The dogs have been turned over to animal rescue and are at emergency shelters awaiting adoption now.

It could be called mayhem at the mall. All of the pushing and shoving that came along with Black Friday. You've seen the images. Now hear the sounds of the holiday shopping season.

That is just hard to watch. I mean what a rowdy start, right, for that crowd as thousands camped out and crowded around their favorite stores in searches of deals. It was so chaotic actually for one manager she told people she didn't want to open for business. The shopping business kicked off with several retailers opening at 8:00 p.m. on Thanksgiving Day.

But now that the hustle and bustle and elbow throwing is all over, did Black Friday actually help retailers rake in any green? One estimate shows that foot traffic at the malls actually increased but that total sales actually fell because of shoppers who hit the stores on Thanksgiving Day. We'll leadership more today as the National Retail Federation issues the results of its Black Friday shopping survey.

And now that you're done with the Black Friday shopping and you've probably had your last plate of leftovers, maybe it's time to go home. And you're being told, get out and go home. About 2.4 million people will be packing airports today on one of the biggest travel days of the year.

And to help us all navigate us through it is Nick Valencia. He's here this morning to tell us how things are looking. So, let's start with the airports.

NICK VALENCIA, CNN CORRESPONDENT: Yes, the airports, they're busy, 2.4 million people. That's just slightly higher than what we saw on Thanksgiving Day, 2.3 million. But it's a busy holiday season. And even more people are traveling this year.

Believe it or not, I was surprised by that, Randi. You think you wouldn't have as many people traveled this year. But AAA says 0.7 percent more people are traveling even though ticket prices are slightly higher.

As we mentioned last hour, fleets are being cut by the airlines. They're trying to save on jet fuel, of course. So, that comes at the cost of the consumer here.

KAYE: Yes.

VALENCIA: But some of the busiest airports that we'll seeing traffic, places like Chicago O'Hare, places like Los Angeles International Airport, San Francisco rounding out the top five, LaGuardia and Boston, Logan. Chicago and LAX have gone back and forth over the last couple of years trading that top spot, but it's busy out there.

KAYE: Yes, I love seeing my family on the holidays.

VALENCIA: Oh, yes.

KAYE: Oh, boy, that travel is never fun.

What about the roads? How do those look?

VALENCIA: Yes, after superstorm Sandy, we'll see a lot of people in the Northeast complaining. We've seen a lot of reports as well about car rentals being very, very difficult. After a lot of damage to these cars after superstorm Sandy, car rentals -- they got scooped up. So, now, as people prepare to travel on traffic, they find it very difficult.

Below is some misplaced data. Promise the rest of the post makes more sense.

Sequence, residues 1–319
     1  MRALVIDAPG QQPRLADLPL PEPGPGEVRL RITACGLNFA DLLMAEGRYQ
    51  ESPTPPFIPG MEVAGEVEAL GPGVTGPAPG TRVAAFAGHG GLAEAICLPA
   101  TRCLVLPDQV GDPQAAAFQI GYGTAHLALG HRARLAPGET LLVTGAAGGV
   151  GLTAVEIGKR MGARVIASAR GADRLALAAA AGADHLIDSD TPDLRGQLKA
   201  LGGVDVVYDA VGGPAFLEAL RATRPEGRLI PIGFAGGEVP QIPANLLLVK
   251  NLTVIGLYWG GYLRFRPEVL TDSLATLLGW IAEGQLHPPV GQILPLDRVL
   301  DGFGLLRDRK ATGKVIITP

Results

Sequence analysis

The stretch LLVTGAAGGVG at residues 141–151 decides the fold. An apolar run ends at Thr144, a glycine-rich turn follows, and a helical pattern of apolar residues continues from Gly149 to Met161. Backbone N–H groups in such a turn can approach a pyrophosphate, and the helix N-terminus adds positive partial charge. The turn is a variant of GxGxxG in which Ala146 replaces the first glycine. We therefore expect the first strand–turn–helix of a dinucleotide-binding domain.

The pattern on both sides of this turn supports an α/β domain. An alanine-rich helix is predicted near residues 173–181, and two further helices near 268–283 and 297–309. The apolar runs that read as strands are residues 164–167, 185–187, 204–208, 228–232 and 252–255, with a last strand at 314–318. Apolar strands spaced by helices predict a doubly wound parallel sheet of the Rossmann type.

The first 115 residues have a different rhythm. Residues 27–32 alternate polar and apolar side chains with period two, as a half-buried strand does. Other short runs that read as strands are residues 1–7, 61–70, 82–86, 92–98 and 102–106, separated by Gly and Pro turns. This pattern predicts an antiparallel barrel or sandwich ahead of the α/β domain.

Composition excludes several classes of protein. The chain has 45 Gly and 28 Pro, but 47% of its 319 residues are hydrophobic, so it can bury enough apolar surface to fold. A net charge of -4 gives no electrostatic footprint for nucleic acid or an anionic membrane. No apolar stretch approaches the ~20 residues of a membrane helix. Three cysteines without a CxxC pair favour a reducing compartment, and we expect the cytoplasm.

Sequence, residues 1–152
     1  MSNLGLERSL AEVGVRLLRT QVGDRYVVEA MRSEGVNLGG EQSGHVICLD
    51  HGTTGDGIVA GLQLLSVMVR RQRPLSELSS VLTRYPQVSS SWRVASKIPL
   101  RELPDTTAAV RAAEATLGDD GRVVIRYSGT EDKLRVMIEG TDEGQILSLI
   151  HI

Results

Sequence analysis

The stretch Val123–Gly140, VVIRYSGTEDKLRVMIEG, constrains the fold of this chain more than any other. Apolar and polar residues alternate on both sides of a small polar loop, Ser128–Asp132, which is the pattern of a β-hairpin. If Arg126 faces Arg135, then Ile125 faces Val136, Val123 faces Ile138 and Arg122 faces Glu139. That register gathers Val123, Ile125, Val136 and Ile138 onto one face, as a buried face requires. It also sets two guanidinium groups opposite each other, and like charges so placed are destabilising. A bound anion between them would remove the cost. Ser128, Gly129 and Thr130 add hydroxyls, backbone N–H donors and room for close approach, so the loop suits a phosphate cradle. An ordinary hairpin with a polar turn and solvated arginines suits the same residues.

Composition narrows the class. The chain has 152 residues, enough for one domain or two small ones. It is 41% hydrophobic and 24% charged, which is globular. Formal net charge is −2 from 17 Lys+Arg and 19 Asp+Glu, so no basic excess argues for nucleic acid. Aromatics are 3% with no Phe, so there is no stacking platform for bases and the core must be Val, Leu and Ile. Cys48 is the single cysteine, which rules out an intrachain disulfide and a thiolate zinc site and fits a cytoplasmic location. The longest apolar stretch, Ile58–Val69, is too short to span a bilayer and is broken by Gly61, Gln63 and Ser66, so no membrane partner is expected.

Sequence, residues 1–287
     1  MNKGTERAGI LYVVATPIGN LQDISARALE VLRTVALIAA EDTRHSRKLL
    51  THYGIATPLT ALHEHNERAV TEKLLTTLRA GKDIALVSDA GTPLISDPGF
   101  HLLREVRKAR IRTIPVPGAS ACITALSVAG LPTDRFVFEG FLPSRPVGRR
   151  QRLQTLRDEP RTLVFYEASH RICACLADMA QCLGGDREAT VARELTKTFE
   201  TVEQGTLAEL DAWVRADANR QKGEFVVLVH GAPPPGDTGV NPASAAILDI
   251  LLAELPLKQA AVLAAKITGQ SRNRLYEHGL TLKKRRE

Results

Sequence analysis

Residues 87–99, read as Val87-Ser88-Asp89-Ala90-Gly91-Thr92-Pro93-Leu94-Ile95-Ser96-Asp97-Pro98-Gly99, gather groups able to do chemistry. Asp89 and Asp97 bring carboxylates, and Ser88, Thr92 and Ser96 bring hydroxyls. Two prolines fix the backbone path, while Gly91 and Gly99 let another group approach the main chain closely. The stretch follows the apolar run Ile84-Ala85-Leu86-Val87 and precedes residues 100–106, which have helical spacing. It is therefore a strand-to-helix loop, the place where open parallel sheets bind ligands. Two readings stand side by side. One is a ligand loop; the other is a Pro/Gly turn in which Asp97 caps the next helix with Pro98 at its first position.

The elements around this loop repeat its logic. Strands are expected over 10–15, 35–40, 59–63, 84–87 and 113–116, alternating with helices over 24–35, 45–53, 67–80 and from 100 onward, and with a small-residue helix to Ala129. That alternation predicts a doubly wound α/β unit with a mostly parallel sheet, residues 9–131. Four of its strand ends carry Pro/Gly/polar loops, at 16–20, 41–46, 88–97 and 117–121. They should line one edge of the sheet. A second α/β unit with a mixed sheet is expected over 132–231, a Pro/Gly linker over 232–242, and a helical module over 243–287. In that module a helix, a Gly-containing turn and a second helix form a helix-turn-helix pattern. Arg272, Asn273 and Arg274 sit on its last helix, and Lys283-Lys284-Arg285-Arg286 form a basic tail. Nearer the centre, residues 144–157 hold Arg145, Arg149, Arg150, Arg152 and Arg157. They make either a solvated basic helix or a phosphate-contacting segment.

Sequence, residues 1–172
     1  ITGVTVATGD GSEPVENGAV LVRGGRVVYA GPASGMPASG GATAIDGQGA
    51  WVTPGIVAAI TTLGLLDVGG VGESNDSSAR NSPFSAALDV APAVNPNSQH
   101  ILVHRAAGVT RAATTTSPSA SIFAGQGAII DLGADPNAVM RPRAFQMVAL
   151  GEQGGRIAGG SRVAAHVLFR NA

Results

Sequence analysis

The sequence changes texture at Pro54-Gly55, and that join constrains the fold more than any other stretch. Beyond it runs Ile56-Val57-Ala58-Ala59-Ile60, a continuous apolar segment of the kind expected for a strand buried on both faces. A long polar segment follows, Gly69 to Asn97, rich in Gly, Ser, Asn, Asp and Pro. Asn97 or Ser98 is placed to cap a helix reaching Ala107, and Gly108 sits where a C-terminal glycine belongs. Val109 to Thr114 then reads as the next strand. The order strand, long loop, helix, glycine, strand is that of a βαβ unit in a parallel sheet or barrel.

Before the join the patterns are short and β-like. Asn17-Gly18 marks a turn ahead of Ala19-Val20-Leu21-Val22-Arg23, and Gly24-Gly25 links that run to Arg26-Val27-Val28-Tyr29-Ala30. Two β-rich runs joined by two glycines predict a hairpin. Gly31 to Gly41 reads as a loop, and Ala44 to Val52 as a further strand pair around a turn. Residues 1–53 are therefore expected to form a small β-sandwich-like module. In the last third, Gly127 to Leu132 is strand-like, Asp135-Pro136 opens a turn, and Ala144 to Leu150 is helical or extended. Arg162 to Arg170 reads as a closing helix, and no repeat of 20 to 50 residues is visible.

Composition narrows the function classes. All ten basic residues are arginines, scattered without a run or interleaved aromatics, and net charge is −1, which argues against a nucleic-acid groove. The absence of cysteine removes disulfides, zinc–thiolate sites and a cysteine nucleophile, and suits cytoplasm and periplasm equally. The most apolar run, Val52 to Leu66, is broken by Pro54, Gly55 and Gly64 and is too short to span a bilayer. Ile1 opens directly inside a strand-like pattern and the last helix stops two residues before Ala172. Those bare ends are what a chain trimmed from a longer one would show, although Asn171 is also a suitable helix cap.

Having said that, 43.6 million people still traveling in this holiday period between Wednesday and Sunday. A lot of those people on the road trying to find alternative ways home, buses, cars, of course, planes. And today, it's slightly busier that it will be tomorrow, 16 percent busier in fact.

So, stay safe out there.

KAYE: Did you ever travel on Thanksgiving?

VALENCIA: I did. I got to home last year for the first time. You know, it's tough for us to go back home as journalists.

KAYE: Yes, news never stops.

VALENCIA: News never sleeps. Yes, there's no gone to lunch around vacation time here.

KAYE: Was it a tough commute?

VALENCIA: Yes, it was pretty tough. You know, I'm going home on Christmas this time around and I'm not looking forward to that. But --

KAYE: But we'll be calling you up. We'll be checking on you at the airport.

VALENCIA: Yes, I'll be doing beepers at the airport.

KAYE: Exactly. It's good having you here.

All right, Nick. Thank you very much for that update.

VALENCIA: Thank you.

KAYE: Her name has been mentioned as a possible successor to Hillary Clinton as secretary of state. But before she can be confirmed, U.N. Ambassador Susan Rice has some convincing to do.


KAYE: And good morning, New York. Glad you're waking up with us here on CNN SUNDAY MORNING.

Nice to have you with us. Nice to see the city come alive in these early hours. Happy Sunday, everybody.

Not qualified, not very bright, just some of the criticisms level at U.N. Ambassador Susan Rice by Senator John McCain in the wake of the attack on the U.S. consulate in Libya. And this past week, Rice responded.


SUSAN RICE, U.S. AMBASSADOR TO THE U.N.: I have a great respect for Senator McCain and his service to our country. I always have and I always will. I do think that some of the statements he made about me have been unfounded but I look forward to having the opportunity at the appropriate time to discuss all of this with him.


KAYE: Will Rice get the chance to discuss the issue with McCain during confirmation hearings to be the next secretary of state? Not if the Arizona senator and others can help it.

Joining me now from Washington is Jason Johnson. He's a professor of political science at Hiram College, and chief political correspondent for Politics 365.